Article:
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William Saroyan (1908-1981)
“He achieves the feat of making and keeping us boozy without the use of alcohol and purely by the action of art” – Edmund Wilson
One of the major American authors of the last century, William Saroyan’s stories celebrate optimism amid the trials and difficulties of the Depression era. His style is highly distinctive, and his stories express an enthusiasm and zest for life that makes reading him an absolute pleasure.
Saroyan was born in Fresno, California, the son of an Armenian immigrant, and spent his early years in an orphanage. He left school at fifteen, determined to become a writer, supporting himself by doing odd jobs. In 1934 Story magazine published The Daring Young Man On The Flying Trapeze about a starving writer trying to survive the Depression. Saroyan travelled through the Soviet Union and Europe meeting, for example, George Bernard Shaw and Charlie Chaplin, and recording his experiences in his memoirs and articles. During WW2 he was posted to London, and narrowly avoided being court-martialled when The Aadventures Of Wesley Jackson was discovered to be pacifist.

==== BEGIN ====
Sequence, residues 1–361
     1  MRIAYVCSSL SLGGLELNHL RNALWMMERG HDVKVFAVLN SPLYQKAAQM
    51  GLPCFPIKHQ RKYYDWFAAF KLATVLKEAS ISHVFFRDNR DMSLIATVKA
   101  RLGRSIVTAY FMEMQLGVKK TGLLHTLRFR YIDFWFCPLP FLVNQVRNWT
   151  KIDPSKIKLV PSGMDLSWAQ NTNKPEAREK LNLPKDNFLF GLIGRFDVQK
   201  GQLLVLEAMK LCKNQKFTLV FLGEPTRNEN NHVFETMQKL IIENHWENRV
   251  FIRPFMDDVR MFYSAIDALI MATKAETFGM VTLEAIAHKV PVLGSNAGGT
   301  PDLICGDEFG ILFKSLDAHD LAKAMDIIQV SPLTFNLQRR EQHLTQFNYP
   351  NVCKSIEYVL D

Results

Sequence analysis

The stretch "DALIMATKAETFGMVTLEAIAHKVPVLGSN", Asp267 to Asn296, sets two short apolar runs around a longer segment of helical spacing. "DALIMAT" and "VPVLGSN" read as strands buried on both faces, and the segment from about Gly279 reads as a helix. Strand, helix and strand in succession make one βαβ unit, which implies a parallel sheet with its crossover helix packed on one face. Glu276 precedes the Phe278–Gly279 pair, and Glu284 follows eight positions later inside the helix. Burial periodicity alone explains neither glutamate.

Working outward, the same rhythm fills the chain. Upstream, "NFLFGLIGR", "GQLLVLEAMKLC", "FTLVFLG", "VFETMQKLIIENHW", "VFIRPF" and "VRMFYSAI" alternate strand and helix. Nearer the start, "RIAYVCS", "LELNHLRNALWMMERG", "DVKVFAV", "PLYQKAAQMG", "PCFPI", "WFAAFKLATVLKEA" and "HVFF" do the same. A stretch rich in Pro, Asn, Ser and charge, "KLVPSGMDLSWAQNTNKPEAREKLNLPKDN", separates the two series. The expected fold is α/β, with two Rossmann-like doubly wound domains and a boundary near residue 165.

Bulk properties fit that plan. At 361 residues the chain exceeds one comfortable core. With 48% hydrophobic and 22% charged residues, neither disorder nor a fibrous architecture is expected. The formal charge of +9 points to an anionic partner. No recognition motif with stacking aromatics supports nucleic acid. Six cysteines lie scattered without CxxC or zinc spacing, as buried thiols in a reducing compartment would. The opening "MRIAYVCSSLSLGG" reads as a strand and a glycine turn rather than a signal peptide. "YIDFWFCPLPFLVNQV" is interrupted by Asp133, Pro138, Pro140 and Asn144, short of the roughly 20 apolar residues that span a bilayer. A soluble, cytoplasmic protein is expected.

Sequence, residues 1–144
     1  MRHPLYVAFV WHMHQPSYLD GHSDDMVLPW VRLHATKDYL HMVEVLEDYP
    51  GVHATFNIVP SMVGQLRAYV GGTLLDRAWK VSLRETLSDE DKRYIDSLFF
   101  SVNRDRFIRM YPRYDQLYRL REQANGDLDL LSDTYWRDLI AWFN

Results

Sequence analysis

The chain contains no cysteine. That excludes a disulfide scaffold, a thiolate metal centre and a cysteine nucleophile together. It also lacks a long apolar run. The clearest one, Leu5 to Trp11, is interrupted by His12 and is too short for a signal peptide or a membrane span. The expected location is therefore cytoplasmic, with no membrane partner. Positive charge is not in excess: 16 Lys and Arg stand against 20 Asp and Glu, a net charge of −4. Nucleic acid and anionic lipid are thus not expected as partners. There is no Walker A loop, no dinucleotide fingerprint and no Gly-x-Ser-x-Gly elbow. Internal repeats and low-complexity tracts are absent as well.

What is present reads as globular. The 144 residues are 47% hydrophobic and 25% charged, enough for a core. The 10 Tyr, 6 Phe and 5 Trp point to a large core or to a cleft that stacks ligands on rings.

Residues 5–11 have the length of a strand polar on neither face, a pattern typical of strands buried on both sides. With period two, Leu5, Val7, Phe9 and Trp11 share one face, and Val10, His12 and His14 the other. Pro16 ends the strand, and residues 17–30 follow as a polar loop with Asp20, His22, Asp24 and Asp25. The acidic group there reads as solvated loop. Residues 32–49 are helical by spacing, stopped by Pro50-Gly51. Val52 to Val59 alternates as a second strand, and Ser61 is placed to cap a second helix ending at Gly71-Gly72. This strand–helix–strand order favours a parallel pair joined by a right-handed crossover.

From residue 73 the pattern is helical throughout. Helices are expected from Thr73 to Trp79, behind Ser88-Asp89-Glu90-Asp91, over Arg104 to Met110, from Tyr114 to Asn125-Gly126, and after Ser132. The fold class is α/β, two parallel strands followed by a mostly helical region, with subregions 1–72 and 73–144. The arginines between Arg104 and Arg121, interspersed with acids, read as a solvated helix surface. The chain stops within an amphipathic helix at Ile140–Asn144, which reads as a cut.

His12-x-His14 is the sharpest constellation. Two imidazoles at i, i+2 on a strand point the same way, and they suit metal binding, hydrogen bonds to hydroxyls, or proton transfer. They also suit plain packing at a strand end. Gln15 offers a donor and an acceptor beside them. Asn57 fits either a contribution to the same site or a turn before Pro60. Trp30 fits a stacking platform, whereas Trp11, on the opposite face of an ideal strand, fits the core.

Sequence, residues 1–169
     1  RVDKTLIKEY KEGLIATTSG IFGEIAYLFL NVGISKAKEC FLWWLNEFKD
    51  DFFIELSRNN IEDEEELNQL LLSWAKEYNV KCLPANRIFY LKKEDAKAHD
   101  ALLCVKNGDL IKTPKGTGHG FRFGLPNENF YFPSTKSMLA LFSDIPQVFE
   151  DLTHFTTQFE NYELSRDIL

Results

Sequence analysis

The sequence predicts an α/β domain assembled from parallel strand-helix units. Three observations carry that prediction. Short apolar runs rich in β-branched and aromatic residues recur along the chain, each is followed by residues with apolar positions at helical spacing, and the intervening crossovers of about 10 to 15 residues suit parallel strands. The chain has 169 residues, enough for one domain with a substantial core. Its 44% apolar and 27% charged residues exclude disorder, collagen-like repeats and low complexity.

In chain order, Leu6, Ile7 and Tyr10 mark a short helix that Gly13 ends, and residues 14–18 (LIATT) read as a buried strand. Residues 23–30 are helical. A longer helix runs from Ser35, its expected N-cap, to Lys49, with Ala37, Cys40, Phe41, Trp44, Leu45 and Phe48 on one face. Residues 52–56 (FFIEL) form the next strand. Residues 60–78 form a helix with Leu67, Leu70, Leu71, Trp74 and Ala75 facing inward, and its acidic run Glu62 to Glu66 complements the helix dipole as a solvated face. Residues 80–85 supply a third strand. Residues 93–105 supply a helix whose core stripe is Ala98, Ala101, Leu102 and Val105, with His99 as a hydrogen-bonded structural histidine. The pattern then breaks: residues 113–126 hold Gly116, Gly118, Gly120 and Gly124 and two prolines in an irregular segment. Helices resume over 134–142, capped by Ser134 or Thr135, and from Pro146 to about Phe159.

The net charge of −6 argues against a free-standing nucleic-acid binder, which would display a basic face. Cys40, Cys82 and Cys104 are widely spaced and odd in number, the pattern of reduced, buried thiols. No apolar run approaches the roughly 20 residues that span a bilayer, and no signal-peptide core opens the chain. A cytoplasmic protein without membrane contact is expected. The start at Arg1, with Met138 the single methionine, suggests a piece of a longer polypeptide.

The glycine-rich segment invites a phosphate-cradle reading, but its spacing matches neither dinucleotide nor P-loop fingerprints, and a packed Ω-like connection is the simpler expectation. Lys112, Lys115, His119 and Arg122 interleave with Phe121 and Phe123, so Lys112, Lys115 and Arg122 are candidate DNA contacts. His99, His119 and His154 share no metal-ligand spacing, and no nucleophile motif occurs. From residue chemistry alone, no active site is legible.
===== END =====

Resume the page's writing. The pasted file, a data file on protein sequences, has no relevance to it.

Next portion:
From 1958 he lived mainly in Paris, and continued writing until his death in 1981.
In addition to his vast output of novels and short stories, Saroyan was also a successful playwright. Among his best known plays is The Time Of Your Life, set in a waterfront saloon in San Francisco, for which Saroyan refused the Pulitzer Prize, on the grounds that commerce should not judge the arts.
The Daring Young Man on the Flying Trapeze (1934)
My Name is Aram (1940)
The Human Comedy (1943)
The Adventures of Wesley Jackson (1946)
Mama, I love You (1956)
Not Dying (1963)